Trade secrets need to be kept secret. Obvious as this point may seem, it is often overlooked. A company with valuable information—customer data, unreleased products, engineering specifications, unique manufacturing methods, to name just a few possibilities—must treat it like the precious asset it is.
Sensible security measures will make it less likely that an employee, vendor, partner, or competitor will steal or misuse a company's trade secrets. Equally important, in the event legal action ever becomes necessary, the court will require the trade secret owner to show that it too reasonable steps to maintain the secrecy of its information. Here are five things your business can do to protect itself.
Five Ways to Protect Trade Secrets:
Identify and Label Confidential Documents
The first step a business should take is to work with an attorney to inventory business and technical information eligible for trade secret protection. Once identified, key documents and files should be clearly marked as "CONFIDENTIAL" so that there can be no mistake that the company regards them as confidential. Such labeling will be more effective if the company is selective in what it designates.
Restrict Access to Information
Do all employees need to be able to review, for example, a company's pricing, cost, and margin information? If not--and in all likelihood they do not—the company should strongly consider protocols limiting access to those whose job responsibilities actually require them to access such information.
Implement Employee Confidentiality Policies
A business with valuable trade secrets should ensure that its employee handbooks and policy manuals carefully address matters of confidentiality. The company should communicate clear guidelines for when, how, and for what purposes an employee may access the company's confidential information. Written policies are invaluable for promoting confidentiality and documenting any breaches.
Use Nondisclosure and Noncompete Agreements
A business that shares confidential information with employees, customers, vendors, partners, or others should be sure that the information is covered by a nondisclosure agreement, which will give rise to liability for breach of contract in the event the information is misused or wrongfully disclosed. In many cases, a carefully crafted non-compete agreement with employees and executives will be appropriate and even critical for keeping a company's information from falling into the hands of a competitor.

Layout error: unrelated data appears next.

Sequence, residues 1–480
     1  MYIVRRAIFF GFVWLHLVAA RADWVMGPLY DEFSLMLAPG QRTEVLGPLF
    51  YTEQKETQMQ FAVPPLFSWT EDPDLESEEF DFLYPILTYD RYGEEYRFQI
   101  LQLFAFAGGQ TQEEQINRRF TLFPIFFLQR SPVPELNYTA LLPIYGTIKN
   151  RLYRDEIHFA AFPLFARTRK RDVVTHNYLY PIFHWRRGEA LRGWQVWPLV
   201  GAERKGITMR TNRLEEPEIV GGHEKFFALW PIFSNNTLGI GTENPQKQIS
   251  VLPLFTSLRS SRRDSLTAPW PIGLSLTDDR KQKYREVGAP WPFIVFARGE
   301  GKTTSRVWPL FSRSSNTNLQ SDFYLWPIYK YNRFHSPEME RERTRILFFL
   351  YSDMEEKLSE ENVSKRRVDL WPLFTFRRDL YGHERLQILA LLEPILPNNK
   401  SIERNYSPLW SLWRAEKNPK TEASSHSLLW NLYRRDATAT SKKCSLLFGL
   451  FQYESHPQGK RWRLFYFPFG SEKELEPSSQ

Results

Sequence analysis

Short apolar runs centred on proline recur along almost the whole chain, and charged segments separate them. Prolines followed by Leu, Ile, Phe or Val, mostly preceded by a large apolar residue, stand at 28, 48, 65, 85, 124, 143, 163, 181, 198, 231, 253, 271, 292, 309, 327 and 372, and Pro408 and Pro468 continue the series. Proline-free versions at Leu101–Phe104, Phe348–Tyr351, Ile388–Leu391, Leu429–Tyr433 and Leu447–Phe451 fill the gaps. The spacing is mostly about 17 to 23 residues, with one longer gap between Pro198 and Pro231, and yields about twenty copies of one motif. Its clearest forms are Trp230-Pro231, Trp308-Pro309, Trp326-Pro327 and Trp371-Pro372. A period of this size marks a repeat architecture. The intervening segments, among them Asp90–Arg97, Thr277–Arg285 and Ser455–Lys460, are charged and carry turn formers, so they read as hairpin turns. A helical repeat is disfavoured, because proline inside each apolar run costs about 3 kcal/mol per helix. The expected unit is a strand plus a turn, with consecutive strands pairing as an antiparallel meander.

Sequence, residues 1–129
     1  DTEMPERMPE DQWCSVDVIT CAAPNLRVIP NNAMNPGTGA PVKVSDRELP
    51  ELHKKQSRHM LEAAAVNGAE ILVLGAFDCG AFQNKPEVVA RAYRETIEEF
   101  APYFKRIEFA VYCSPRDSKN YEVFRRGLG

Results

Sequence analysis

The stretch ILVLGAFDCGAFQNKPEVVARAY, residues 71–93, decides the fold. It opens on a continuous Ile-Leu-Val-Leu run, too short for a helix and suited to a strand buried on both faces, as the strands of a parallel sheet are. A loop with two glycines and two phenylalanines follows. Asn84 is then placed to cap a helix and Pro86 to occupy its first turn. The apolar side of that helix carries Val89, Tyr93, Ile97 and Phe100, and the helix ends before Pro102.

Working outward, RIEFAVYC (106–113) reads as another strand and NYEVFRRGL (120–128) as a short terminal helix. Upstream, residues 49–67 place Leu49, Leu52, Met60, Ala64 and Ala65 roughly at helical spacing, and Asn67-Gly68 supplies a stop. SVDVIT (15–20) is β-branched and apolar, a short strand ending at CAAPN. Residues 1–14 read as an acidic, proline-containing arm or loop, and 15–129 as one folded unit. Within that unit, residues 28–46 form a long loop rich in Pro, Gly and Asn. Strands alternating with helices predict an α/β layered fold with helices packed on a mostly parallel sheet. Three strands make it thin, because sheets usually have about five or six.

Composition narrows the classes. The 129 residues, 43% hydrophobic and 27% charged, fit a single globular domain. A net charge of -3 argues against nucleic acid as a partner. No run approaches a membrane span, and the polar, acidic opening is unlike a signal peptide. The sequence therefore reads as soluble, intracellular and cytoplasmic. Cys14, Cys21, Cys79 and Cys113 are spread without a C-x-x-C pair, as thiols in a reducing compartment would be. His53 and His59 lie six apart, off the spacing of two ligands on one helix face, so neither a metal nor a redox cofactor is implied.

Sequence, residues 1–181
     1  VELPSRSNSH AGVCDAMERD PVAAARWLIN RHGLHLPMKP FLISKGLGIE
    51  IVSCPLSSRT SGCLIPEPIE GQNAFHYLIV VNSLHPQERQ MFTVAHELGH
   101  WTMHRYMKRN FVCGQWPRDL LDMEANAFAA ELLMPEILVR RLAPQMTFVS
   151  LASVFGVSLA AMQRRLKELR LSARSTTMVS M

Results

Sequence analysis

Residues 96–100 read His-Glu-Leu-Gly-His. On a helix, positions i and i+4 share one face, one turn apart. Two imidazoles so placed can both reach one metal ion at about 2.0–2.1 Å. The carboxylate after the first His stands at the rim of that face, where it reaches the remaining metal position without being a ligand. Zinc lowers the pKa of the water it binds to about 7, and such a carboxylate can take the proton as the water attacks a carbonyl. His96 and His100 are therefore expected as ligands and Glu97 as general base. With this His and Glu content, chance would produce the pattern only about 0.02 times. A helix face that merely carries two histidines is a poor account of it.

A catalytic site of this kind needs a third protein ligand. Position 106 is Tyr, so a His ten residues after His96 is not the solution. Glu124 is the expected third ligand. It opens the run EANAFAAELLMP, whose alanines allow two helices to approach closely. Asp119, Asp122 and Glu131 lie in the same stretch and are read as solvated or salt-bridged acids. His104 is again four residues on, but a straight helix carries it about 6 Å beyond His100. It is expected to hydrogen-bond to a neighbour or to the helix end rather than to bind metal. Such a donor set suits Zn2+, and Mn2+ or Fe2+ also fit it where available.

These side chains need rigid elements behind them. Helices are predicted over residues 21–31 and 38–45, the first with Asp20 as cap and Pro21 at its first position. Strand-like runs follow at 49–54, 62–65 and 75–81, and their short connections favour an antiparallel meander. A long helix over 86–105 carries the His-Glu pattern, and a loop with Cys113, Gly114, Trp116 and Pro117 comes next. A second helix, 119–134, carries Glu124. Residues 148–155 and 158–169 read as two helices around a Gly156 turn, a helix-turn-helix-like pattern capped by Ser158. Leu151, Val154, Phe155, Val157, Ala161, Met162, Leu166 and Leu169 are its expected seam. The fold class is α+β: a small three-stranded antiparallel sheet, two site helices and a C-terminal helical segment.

Conduct Exit Interviews
A best practice is to conduct an exit interview with any employee leaving the company. Exit interviews provide an occasion to remind an employee of his or her post-termination obligations and help avoid later allegations that the employee is unaware of his or her obligations. An exit interview can also be an opportunity to gather facts about potential risks posed by the employee's next position.
Trade secrets can be among a company's most valuable assets, and technology has made trade secret misappropriation shockingly easy. Reasonable confidentiality measures such as those outlined above can be highly effective in preventing misappropriation. Such measures will also make a business more likely to obtain court relief in the unfortunate event that trade secret misappropriation occurs.
When many think of trade secrets, they think of the formula for Coca-Cola, KFC's 11 herbs and spices, or Google's search algorithm. But the world of trade secrets goes far beyond these famous examples. In fact, chances are good that your business, large or small, has trade secrets worth protecting.
What Is a Trade Secret?
Trade secrets enjoy strong legal protections, and the importance of trade secrets is growing. Under federal law and the laws of most states, a trade secret is competitively valuable information that:
Trade Secrets Include Customer and Business Information
Trade secrets are not the exclusive domain of tech companies. Businesses in every industry gather and use information every day that can potentially be protected under trade secret law, including:
Trade Secrets Include Technical Knowledge
With patent protection subject to increasing pressures and challenges, more businesses are looking to trade secret law to protect innovation. Protectable technical information includes, among other things:
Know What You Have and How to Protect It
Most businesses have actual or potential trade secrets. In many cases, trade secrets—whether classifiable as "business" or "technical"—are among a company's most precious assets. A trade secret attorney can help your business inventory its trade secrets and implement policies to maximize their value, help prevent devastating damage, and facilitate recovery in the event of theft of misuse.
LinkedIn has become an essential tool for many professionals. The site provides a platform for making business connections, sending direct messages, gathering marketplace information, and posting updates and content. But the very features that make the site useful for business and career development can also stir up trouble where non-competes and non-solicits are involved.
A number of courts have grappled with the impact of social media sites like LinkedIn on non-compete and non-solicit agreements. Most recently, in Bankers LIfe and Casualty Company v. American Senior Benefits, LLC et al, an Illinois appellate court considered whether a former branch sales manager for a life insurance company violated his agreement not to solicit company employees when he used LinkedIn to make connections with former colleagues after he left to work for a competitor.